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Trayvon Martin case shows evolving influence of black community

The black community – from actors to journalists – has played a crucial role in keeping the Trayvon Martin case in the public spotlight, media analysts say.

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Black journalists have also played a crucial role, says Maurice Hall, chair of the communication department at Villanova University in Philadelphia. He cites four in particular: Trymaine Lee at the Huffington Post; Charles Blow of The New York Times; Eugene Robinson of The Washington Post; and Tulane University professor Melissa Harris-Perry, who has appeared on MSNBC.

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He goes so far as to say that the efforts of these journalists have contributed to the US Justice Department opening an investigation Monday.   

“These are very prominent mainstream journalists that argued that the case needs to be looked at more closely,” says Professor Hall. “So you had the combination of online and mainstream media that really kept pushing this story in important ways. You can’t pin it to any one thing, of course, but in my observation it is very clear that if it weren’t for these prominent black journalists, this story wouldn’t have been kept in the media and produced the pressure on federal law enforcement to respond.”

Others agree that the rallying of the black community together in support of Martin played a crucial role in keeping the topic front and center.

“I would say in the Trayvon Martin case, if it weren’t for the black voices taking to the streets and getting visits from the attorneys and staying involved, that the wider media would not have thought this newsworthy,” says Donald Tibbs, a professor at Drexel University's Earle Mack School of Law in Philadelphia and author of “From Black Power to Prison Power.”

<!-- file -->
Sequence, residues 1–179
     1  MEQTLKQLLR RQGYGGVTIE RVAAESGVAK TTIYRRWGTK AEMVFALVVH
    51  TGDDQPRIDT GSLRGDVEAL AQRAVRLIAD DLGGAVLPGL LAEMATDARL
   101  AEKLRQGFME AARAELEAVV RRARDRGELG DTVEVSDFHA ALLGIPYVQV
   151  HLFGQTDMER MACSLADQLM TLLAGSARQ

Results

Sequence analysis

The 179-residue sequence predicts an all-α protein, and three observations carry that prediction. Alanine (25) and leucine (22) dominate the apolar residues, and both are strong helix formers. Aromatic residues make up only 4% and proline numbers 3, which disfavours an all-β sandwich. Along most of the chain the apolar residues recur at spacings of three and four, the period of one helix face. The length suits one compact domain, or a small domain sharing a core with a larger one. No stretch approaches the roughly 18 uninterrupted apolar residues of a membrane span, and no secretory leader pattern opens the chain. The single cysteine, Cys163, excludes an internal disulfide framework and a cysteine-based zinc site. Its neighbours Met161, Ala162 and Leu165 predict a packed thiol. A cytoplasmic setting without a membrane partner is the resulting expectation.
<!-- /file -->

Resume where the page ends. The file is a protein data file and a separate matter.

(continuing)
The Martin case is a perfect example of the influence of the black community on national media coverage, says Derede McAlpin, vice president of Levick Strategic Communications in Washington. She says it parallels the case of the Jena Six of 2006, in which six black teens were arrested for serious offenses while their non-minority counterparts received different treatment.

“The [Jena Six] case was largely ignored by the US national media. The Town Talk and The Jena Times covered the story from its inception,” says Ms. McAlpin. “But the case didn’t reach a national level until African-American bloggers and [black] media reported on the issue, which resulted in the mobilization of a nationwide network of supporters, civil rights activists, and community groups.”

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